Since these shows have little to no afterlife in syndication or DVD sales, much importance is placed on succeeding the first time around, with the hope of producing additional installments. If studios believe that outrageousness is the only answer to the downward trend of Reality ratings, they will run the genre into the ground, forcing some worthy shows off the air in the process. Not that controversial content is the only factor hurting unscripted TV: poor casting and a lack of imagination plague even some of the best offerings, like “Survivor.”
So how, then, does Reality TV climb out of the hole it dug itself into? I have a few suggestions:
Ten Ways to Improve Reality TV
- Make quality, not provocativeness, the top priority.
If networks were more selective about what unscripted shows make it to the air, allowing only a small number of high-quality shows on their schedules, Reality TV would be much more respected. Do away with the cheap, imitative production values that lead discriminating viewers to conclude that if a show looks bad, it is bad, and a waste of time. Shows need to get more stylish and creative to differentiate themselves visually from the stereotypical low-brow fare. Of course, you’ll need substance to go along with the style. Over the past four years, the quality shows have become franchises with longevity. The cheap efforts fade away.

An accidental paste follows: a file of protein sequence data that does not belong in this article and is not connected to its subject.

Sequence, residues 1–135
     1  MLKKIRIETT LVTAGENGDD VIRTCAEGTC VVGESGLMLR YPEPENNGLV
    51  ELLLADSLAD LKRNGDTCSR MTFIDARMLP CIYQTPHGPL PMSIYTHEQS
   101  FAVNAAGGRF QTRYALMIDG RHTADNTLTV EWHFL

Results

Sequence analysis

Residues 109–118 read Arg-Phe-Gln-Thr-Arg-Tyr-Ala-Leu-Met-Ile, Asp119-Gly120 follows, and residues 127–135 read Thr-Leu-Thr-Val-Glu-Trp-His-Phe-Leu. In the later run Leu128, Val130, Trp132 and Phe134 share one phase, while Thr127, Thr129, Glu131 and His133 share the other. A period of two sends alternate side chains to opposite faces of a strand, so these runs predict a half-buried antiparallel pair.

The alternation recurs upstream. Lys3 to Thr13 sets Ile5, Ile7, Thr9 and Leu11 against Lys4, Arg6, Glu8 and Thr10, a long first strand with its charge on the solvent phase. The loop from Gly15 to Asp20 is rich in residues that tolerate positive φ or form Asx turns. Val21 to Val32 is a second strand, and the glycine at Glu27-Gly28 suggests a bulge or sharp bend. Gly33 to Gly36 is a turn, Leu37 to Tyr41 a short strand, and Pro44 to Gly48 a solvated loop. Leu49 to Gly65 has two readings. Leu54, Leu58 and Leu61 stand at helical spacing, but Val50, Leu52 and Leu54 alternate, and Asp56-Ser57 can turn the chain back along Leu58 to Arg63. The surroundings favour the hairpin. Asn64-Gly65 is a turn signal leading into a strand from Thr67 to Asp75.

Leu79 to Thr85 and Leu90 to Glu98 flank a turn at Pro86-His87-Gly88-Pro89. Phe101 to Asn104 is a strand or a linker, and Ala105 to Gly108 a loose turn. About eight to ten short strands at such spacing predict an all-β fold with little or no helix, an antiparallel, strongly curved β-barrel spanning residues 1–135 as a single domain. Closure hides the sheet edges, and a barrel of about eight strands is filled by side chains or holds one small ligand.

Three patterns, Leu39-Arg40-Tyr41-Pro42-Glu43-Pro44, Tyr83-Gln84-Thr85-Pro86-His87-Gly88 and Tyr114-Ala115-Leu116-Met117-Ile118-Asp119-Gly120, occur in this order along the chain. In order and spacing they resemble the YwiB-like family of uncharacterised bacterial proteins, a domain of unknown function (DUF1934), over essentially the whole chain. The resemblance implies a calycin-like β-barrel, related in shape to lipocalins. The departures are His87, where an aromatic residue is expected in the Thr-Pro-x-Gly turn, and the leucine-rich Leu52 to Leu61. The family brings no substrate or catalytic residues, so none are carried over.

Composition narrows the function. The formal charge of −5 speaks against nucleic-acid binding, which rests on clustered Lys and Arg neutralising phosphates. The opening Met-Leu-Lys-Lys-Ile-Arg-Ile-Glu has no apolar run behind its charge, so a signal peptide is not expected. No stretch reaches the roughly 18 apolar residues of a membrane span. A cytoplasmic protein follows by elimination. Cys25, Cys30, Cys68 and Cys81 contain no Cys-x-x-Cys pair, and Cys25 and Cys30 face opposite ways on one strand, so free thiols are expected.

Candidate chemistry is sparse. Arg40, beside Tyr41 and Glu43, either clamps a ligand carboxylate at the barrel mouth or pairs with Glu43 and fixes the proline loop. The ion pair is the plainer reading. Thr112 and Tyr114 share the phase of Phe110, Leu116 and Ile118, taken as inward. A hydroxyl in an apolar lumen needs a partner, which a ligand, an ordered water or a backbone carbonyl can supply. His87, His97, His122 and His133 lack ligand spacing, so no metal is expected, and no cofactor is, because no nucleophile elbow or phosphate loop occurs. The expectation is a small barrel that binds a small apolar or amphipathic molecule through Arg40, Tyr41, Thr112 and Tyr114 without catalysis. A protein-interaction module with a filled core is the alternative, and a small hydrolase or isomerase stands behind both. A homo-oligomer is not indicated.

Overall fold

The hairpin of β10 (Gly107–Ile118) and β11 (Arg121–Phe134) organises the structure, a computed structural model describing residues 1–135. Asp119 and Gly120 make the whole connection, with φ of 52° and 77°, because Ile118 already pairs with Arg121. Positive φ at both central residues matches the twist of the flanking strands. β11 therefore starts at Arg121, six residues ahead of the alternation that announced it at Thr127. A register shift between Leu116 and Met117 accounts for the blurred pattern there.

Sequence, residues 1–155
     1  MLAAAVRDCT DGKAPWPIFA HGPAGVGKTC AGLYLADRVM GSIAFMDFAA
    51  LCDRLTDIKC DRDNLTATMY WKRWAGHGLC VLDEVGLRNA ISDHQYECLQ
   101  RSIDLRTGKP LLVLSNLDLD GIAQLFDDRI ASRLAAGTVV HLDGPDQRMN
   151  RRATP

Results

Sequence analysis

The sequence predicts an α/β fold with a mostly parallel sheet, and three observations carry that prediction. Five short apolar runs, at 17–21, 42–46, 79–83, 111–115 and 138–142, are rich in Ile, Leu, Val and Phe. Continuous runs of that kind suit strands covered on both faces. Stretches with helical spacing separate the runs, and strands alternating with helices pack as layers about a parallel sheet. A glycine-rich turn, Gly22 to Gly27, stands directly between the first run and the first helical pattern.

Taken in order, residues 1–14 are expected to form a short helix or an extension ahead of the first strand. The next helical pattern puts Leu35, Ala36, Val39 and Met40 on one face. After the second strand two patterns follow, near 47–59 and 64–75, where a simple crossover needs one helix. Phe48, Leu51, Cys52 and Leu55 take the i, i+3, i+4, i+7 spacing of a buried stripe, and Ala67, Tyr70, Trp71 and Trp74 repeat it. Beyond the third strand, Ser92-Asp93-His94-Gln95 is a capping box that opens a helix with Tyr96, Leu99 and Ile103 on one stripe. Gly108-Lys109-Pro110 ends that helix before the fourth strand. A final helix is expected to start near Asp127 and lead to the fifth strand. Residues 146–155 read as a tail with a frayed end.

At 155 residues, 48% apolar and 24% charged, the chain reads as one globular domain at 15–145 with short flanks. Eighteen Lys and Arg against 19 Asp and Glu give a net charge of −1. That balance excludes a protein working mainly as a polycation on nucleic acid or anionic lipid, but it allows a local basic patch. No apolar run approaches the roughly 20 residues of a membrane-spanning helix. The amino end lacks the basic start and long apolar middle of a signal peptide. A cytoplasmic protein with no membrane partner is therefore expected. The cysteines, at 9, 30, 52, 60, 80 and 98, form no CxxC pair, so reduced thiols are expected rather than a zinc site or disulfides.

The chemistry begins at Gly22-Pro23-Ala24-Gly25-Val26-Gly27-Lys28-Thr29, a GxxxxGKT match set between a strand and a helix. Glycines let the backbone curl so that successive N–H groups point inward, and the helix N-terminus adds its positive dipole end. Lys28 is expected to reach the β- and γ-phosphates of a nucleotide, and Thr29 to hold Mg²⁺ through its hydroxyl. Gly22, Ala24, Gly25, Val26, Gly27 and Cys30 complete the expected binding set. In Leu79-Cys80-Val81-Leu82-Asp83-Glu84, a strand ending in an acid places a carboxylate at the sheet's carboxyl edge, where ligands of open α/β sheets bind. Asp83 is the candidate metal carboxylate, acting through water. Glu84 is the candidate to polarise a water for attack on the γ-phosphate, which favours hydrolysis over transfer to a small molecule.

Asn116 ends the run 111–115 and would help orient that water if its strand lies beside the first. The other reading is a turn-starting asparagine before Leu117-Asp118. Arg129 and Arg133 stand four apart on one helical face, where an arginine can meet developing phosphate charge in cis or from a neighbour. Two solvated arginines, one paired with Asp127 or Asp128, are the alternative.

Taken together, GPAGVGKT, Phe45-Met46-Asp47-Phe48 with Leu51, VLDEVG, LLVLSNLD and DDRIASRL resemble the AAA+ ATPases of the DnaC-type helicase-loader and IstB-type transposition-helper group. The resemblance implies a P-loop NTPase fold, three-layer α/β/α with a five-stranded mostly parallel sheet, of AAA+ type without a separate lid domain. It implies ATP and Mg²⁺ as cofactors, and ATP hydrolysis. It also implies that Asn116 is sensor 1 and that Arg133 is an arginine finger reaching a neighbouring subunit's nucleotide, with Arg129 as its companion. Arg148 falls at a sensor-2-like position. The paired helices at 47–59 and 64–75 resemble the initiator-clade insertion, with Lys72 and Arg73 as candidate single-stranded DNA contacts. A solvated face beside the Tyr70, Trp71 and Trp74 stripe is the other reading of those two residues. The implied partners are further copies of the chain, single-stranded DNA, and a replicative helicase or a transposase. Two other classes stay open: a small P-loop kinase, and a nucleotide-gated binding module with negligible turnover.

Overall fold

- Hold Reality cast members to a code of conduct.
Currently, producers hope and pray for bad behavior among their cast and deliberately cast people with that potential, assuming that translates into big ratings. Some shows are next to nothing without bad behavior (“Big Brother,” “The Real World”). While promiscuity and verbal abuse will always attract some, the cultural winds are blowing the other way. Find another way to make cast interaction interesting.
- Don’t rush the next installment.
NBC’s “Last Comic Standing” had a relatively successful summer run, so they churned out a third season last fall to keep the momentum going. The show promptly jumped the shark, and the franchise is dead. “Survivor,” “Amazing Race,” and “The Apprentice,” are all starting new seasons almost immediately after the previous season. Anyone recall when a show called “Who Wants to Be a Millionaire?” wore out its welcome? Among the hit shows, only “American Idol” seems to understand that absence makes the heart grow fonder. (Okay, “Big Brother” only comes around once a year also, but I’m not convinced that anyone actually looks forward to it.)